Gamble v. Conway et al
MEMORANDUM OPINION AND ORDER: 1. Gamble's motion to proceed in forma pauperis 4 is GRANTED; and 2. Gamble's complaint 1 is DISMISSED WITH PREJUDICE; and 3. The Court will enter an appropriate judgment; and 4. This matter is STRICKEN from the active docket. Signed by Judge Gregory F. Van Tatenhove on 12/21/2016. (CBD)cc: COR, Gamble USPS Modified doc. type. on 12/21/2016 (CBD).
UNITED STATES DISTRICT COURT
EASTERN DISTRICT OF KENTUCKY
BENNIE LEE GAMBLE, JR.,
JACK CONWAY, et al.,
Civil No. 3:16-cv-099-GFVT
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Bennie Lee Gamble, Jr., now a resident of Texas City, Texas, has filed a pro se complaint
alleging that in 2002 defendants Kentucky Attorney General Jack Conway, Commissioner
Robert Foster, and the Kentucky Department of Corrections violated unidentified civil rights by
falsely imprisoning him, and seeks $10 million in damages for resulting emotional harm. [R. 1.]
He has also filed a motion to proceed in forma pauperis [R. 4], on the wrong form. Nonetheless,
the Court will grant his fee motion for the limited purpose of conducting the initial screening
required by 28 U.S.C. § 1915(e)(2).
As this Court has noted before,
Gamble has a well-established history as a repetitive and abusive filer before this
Court, and each of the defendants he has named in his “criminal complaints” was a
named defendant in one or more of several prior civil rights actions filed by Gamble
in an effort to overturn his Kentucky state convictions. Each case was dismissed by
this Court upon initial screening. Gamble v. Corrections Corp. of America, No. 7:
12-CV-79-KKC (E.D. Ky. 2012); Gamble v. Corrections Corp. of America, No. 7:
13-CV-63-ART (E.D. Ky. 2013); Gamble v. Corrections Corp. of America, No. 7:
13-CV-82-ART (E.D. Ky. 2013); Gamble v. Commonwealth of Kentucky, No. 5:
13-CV-308-DCR (E.D. Ky. 2013); Gamble v. Ky. Dept. of Corr., No. 5: 13-CV317-KKC (E.D. Ky. 2013); Gamble v. Bottom, No. 5: 13-CV-326-JMH (E.D. Ky.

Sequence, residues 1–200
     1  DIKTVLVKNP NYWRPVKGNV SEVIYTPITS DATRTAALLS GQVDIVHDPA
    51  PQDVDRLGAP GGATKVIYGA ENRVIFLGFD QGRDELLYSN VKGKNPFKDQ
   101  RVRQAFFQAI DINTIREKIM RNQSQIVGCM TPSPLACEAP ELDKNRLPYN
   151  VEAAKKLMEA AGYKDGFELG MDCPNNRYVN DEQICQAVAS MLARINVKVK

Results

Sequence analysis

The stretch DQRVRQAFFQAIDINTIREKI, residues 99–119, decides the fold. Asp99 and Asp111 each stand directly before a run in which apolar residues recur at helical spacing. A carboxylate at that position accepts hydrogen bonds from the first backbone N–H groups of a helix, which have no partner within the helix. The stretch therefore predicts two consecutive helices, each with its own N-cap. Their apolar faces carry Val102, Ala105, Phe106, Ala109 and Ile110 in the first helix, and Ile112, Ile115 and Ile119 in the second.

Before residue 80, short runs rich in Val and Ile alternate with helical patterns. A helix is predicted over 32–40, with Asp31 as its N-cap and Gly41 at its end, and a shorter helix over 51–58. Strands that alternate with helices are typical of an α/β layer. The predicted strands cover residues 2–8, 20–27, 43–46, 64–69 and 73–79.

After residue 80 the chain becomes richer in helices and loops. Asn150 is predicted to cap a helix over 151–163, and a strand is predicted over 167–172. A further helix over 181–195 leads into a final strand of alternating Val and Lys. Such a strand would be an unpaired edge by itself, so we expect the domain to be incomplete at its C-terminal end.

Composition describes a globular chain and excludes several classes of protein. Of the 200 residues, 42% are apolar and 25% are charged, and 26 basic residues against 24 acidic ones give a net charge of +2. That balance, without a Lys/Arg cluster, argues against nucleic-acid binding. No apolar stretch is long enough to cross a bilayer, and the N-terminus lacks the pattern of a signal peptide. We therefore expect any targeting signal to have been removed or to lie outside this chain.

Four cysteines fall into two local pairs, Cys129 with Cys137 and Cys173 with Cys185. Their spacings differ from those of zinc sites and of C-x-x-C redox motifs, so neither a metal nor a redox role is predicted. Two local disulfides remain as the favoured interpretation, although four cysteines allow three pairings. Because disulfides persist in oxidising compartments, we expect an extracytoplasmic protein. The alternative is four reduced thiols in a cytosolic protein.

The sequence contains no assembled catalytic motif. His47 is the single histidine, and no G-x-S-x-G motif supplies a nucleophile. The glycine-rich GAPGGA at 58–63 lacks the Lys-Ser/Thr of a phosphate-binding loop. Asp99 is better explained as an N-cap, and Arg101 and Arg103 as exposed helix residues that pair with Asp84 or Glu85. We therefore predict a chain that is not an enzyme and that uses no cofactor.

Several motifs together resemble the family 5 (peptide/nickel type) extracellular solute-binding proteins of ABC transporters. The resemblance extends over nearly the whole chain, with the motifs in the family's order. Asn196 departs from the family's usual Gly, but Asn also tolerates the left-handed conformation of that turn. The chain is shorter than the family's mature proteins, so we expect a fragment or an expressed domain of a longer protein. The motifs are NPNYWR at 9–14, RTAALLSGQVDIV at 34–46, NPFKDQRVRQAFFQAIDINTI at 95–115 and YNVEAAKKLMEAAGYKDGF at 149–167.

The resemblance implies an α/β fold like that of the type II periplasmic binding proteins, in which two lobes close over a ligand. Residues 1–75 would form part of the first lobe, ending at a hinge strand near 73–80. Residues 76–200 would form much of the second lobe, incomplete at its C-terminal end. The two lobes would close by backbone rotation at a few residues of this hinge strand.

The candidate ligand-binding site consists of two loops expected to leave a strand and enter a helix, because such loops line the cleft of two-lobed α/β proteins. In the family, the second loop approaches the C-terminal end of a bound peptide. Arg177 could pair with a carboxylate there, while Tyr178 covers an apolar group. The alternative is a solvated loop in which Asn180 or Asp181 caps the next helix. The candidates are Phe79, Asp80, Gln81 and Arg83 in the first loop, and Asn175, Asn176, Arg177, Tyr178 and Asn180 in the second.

2013); Gamble v. Conway, No. 5: 13-CV-327-JMH (E.D. Ky. 2013); Gamble v.
Peckler, No. 5: 13-CV-328-KSF (E.D. Ky. 2013).
Gamble v. Thapar, No. 7: 14-41-KKC (E.D. Ky. 2014). Since 2010, Gamble has filed nearly
fifty habeas corpus petitions and civil rights actions, nearly all of which have been promptly and
His present complaint fares no better. The entirety of his allegations are that he was
“falsely imprisoned” because the police “violated my rights.” [R. 1 at 4.] Gamble provides no
factual basis whatsoever for these claims, and a complaint which consists entirely of conclusory
statements and legal conclusions fails to state a viable claim for relief. A complaint must do
more: it must contain sufficient factual matter, accepted as true, to “state a claim to relief that is
plausible on its face.” Ashcroft v. Iqbal, 556 U.S. 662, 678 (2009); Hill v. Lappin, 630 F.3d 468,
470 (6th Cir. 2010). The Supreme Court has explained that:
While a complaint attacked by a Rule 12(b)(6) motion to dismiss does not need
detailed factual allegations, a plaintiff’s obligation to provide the “grounds” of his
“entitle[ment] to relief” requires more than labels and conclusions, and a formulaic
recitation of a cause of action’s elements will not do. Factual allegations must be
enough to raise a right to relief above the speculative level on the assumption that
all of the complaint’s allegations are true.
Bell Atlantic Corp. v. Twombly, 550 U.S. 544, 555 (2007). Simply labeling the defendants’
actions - whatever they might have been - as “wrongful” or a violation of unidentified civil rights
deprives the defendants of notice of the conduct complained of, a notice to which they are
entitled. Because the complaint does not provide any factual basis for the claims set forth in the
complaint, it must be dismissed for failure to state a claim. Grinter v. Knight, 532 F. 3d 567, 577
(6th Cir. 2008) (quoting Scheid v. Fanny Farmer Candy Shops, Inc., 859 F.2d 434, 436 (6th
Cir. 1988) (“More than bare assertions of legal conclusions is ordinarily required to satisfy
federal notice pleading requirements.”)
Second, as with many of Gamble’s previously-dismissed cases, his assertion that he was
imprisoned “falsely” is plainly barred by Heck v. Humphrey, 512 U.S. 477 (1994). See Gamble
v. Corrections Corp. of America, No. 7: 12-CV-79-KKC (E.D. Ky. 2012). And, to the extent his
claims are not barred by issue preclusion and/or claim preclusion in light of the repeated
dismissal of his prior complaints, his blank references to a violation of civil rights beginning in
2002 can be read as asserting a state law negligence claim or an Eighth Amendment deliberate
indifference claim, but such claims would be plainly time-barred by Kentucky’s one-year statute
of limitations, Ky. Rev. Stat. § 413.140(1)(a). Mitchell v. Chapman, 343 F.3d 811, 825 (6th Cir.
2003). For these reasons, Gamble’s complaint will be dismissed with prejudice.
Accordingly, and the Court being otherwise sufficiently advised, it is hereby ORDERED
Gamble’s motion to proceed in forma pauperis [R. 4] is GRANTED; and
Gamble’s complaint [R. 1] is DISMISSED WITH PREJUDICE; and
The Court will enter an appropriate judgment; and
This matter is STRICKEN from the active docket.
This the 21st day of December, 2016.
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